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Cruddyby Lynda Barry
Cartoonist Lynda Barry proves to be a formidable writer with this novel of teen alienation. Shocking, outlandish violence is balanced by lyrical, insightful prose. Cruddy is a homicidal road story, a coming-of-age tale, and a meditation on adolescence and uncertainty.
Synopses & Reviews
Roberta Rohbeson, 1971. Her overblown, drug-induced teenage rant against a world bounded by "the cruddy top bedroom of a cruddy rental house on a very cruddy mud road behind cruddy Black Cat Lumber" soon becomes a detailed account of another story. It is a story about which Roberta has kept silent for five years, until, under the influence of a pale hippie called the Turtle and a drug called Creeper, her tale giddily unspools...Roberta Rohbeson, 1967. The world of Roberta, age eleven, is terrifyingly unbounded, a one-way cross-country road trip fueled by revenge and by greed, a violent, hallucinatory, sometimes funny, more often horrific year of killings, betrayals, arson, and a sinister set of butcher knives, each with its own name. Welcome to Cruddy, Lynda Barry's tale of the two intertwined narratives set five years - an eternity - apart, which form the backbone of Roberta's life. Cruddy is a wild ride indeed, a fairy tale cum low-budget horror movie populated by a cast of characters that will remain vivid in the reader's mind long after the final page.
"Barry is an expert in the too-often neglected vernacular of working-class childhood in urban America, and Roberta, with her haunting and often jubilant voice, is a typical Barry kid, screwed by circumstance but still searching for integrity. Cruddy adds to Barry's already impressive body of work another fine novel that is tender, goofy, scary and thrilling." Heidi Bell, Salon
"Cutting across two narratives, Roberta's story is an engrossing voyage through trash America and the bleak futures native to it....Cruddy is a superbly executed book with turns that surprise and thrill, and with an ambiguous ending that leaves equal room for hope and despair. Joe Garden, Onion.com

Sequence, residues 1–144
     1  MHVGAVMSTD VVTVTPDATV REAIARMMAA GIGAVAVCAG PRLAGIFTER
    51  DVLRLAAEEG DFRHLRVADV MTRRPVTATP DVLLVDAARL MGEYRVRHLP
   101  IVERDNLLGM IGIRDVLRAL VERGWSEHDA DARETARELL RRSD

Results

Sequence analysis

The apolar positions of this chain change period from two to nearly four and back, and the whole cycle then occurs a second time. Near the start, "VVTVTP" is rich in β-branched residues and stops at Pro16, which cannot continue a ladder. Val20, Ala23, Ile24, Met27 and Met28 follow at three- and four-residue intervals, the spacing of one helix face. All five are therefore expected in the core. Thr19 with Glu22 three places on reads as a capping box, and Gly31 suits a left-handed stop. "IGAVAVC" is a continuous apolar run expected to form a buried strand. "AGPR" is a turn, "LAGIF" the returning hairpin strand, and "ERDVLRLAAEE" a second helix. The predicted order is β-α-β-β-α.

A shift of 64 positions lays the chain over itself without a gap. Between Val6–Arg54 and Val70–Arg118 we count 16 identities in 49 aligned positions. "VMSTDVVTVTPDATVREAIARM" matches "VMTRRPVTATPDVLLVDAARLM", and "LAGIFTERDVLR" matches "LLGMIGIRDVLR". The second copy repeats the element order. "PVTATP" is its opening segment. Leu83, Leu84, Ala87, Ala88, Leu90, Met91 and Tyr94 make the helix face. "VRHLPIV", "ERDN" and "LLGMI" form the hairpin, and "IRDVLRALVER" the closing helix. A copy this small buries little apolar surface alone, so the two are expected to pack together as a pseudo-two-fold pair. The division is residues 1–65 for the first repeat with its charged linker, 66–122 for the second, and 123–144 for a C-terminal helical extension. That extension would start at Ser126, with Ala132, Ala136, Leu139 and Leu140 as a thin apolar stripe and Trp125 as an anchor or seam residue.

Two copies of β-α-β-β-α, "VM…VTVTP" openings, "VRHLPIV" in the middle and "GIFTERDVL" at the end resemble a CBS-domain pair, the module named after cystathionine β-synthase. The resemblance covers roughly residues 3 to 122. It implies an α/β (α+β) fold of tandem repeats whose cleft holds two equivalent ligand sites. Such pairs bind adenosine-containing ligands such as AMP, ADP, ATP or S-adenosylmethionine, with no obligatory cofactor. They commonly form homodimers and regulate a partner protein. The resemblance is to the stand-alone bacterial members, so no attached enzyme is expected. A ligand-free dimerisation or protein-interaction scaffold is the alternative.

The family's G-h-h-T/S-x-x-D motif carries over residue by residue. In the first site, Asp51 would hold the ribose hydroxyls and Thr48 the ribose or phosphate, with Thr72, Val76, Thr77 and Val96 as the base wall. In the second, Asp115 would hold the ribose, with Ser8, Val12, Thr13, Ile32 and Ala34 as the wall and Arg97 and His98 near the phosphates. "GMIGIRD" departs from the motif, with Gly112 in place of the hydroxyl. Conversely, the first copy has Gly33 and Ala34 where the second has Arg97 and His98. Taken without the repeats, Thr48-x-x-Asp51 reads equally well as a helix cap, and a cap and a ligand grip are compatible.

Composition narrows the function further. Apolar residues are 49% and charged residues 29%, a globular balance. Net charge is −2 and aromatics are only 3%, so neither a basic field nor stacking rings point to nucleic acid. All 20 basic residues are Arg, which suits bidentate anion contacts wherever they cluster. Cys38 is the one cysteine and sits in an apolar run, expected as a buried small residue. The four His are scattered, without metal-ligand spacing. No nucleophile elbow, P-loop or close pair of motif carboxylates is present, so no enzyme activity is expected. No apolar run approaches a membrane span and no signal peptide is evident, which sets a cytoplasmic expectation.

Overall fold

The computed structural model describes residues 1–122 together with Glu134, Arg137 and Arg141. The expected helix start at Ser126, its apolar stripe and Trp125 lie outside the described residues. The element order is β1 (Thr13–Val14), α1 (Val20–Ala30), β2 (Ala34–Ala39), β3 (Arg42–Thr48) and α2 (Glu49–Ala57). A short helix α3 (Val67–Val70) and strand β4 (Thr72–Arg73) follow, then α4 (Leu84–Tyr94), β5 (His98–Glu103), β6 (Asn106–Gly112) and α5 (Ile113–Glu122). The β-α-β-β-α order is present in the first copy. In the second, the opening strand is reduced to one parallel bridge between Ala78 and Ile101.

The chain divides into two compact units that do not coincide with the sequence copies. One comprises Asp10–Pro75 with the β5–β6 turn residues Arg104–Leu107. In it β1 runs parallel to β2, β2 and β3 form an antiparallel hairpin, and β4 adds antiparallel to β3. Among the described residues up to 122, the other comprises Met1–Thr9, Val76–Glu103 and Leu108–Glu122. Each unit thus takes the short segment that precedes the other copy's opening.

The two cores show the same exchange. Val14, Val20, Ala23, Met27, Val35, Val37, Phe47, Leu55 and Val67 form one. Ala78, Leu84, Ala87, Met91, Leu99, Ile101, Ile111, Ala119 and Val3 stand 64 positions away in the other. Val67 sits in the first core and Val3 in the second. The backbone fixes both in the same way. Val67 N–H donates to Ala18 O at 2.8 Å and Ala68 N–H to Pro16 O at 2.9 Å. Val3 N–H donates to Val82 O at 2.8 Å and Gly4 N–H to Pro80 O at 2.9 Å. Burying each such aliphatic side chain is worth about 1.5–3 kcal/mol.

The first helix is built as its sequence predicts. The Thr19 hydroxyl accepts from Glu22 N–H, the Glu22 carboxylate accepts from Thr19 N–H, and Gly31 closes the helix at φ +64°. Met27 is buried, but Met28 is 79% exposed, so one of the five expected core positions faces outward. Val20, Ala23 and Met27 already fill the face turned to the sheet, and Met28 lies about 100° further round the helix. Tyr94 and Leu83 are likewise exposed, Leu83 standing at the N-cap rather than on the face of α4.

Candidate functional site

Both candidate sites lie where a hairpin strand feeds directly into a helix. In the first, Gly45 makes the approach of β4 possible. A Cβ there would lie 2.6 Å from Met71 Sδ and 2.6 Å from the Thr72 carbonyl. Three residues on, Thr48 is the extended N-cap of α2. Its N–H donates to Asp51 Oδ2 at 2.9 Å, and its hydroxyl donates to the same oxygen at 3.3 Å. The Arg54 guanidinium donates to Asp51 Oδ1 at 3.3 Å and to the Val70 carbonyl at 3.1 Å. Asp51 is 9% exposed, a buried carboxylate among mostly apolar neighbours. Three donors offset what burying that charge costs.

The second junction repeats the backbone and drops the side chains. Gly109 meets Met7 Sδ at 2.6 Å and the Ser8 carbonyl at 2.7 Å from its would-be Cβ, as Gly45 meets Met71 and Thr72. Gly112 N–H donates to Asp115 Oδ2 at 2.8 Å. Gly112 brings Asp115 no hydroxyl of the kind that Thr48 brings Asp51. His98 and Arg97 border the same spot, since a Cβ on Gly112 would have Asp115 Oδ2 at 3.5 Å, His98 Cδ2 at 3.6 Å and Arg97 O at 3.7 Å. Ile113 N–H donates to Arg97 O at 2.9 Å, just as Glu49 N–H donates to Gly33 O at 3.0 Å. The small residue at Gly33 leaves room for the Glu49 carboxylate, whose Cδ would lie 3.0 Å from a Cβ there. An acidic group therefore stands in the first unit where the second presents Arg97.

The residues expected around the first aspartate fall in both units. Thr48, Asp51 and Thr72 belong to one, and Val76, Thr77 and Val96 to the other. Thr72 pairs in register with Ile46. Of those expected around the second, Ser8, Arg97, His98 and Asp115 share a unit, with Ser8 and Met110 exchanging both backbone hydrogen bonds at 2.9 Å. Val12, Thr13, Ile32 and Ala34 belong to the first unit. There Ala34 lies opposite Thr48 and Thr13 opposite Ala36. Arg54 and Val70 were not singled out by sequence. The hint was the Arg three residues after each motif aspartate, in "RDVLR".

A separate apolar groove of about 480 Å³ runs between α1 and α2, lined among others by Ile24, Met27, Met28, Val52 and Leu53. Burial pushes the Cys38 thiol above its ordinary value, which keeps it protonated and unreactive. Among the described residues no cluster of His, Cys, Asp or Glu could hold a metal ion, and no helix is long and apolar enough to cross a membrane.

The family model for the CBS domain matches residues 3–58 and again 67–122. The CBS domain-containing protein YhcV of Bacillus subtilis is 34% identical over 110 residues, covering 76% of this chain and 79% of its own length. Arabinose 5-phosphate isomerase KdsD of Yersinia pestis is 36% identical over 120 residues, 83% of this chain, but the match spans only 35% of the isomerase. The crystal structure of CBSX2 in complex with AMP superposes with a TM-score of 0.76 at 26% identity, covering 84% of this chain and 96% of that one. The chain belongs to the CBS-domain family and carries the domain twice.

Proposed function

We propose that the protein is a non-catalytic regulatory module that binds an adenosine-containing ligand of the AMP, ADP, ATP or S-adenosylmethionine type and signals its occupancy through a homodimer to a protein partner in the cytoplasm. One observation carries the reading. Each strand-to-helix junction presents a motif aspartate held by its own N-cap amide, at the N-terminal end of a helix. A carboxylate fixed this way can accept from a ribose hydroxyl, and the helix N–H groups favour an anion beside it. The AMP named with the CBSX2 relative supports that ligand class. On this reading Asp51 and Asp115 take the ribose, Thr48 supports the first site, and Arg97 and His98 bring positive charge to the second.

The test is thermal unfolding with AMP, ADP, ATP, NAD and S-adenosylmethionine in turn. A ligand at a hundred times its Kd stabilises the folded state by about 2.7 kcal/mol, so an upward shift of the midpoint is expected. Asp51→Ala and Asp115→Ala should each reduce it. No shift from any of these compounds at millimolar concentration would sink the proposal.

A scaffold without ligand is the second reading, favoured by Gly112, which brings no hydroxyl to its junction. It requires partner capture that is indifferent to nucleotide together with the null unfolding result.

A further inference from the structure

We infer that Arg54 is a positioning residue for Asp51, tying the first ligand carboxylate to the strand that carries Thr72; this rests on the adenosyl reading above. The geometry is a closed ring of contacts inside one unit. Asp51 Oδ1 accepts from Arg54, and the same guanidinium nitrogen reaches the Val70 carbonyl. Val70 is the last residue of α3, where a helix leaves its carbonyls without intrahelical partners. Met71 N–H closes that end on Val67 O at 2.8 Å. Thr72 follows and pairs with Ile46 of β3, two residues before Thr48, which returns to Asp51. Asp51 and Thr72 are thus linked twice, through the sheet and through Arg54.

Roberta Rohbeson begins her book in 1971, in what starts out as a drug-fueled teenage rant that gradually fades into the story of two cross-country trips she made with her father five years earlier — a story she has kept to herself since she was found wandering the desert covered with blood. Illustrations.
On a September night in 1971, a few days after getting busted for dropping acid, a sixteen-year-old curls up in the corner of her ratty bedroom and begins to write. andlt;BRandgt; andlt;Iandgt;Now the truth can finally be revealed about the mysterious day long ago when the authorities found a child, calmly walking in the boiling desert, covered with blood.andlt;/Iandgt; andlt;BRandgt; The girl is Roberta Rohbeson, and her rant against a world bounded by "the cruddy top bedroom of a cruddy rental house on a very cruddy mud road" soon becomes a detailed account of another story, one that she has kept silent since she was eleven. andlt;BRandgt; Darkly funny and resonant with humanity, andlt;Iandgt;Cruddy,andlt;/Iandgt; masterfully intertwines Roberta's stories — part andlt;Iandgt;Easy Riderandlt;/Iandgt; and part bipolar andlt;Iandgt;Wizard of Oz.andlt;/Iandgt; These stories, the backbone of Roberta's short life, include a one-way trip across America fueled by revenge and greed and a vivid cast of characters, starring Roberta's dangerous father, the owners of the Knocking Hammer Bar-cum-slaughterhouse, and runaway adolescents. With a teenager's eye for freakish detail and a nervous ability to make the most horrible scenes seem hilarious, andlt;Iandgt;Cruddyandlt;/Iandgt; is a stunning achievement.
About the Author
andlt;Bandgt;Lynda Barryandlt;/Bandgt; is the creator of the nationally syndicated andlt;Iandgt;Ernie Pook's Comeekandlt;/Iandgt; comic strip and the author of the novel and play andlt;Iandgt;The Good Times Are Killing Me.andlt;/Iandgt; Once a commentator for National Public Radio, she lives in Evanston, Illinois.
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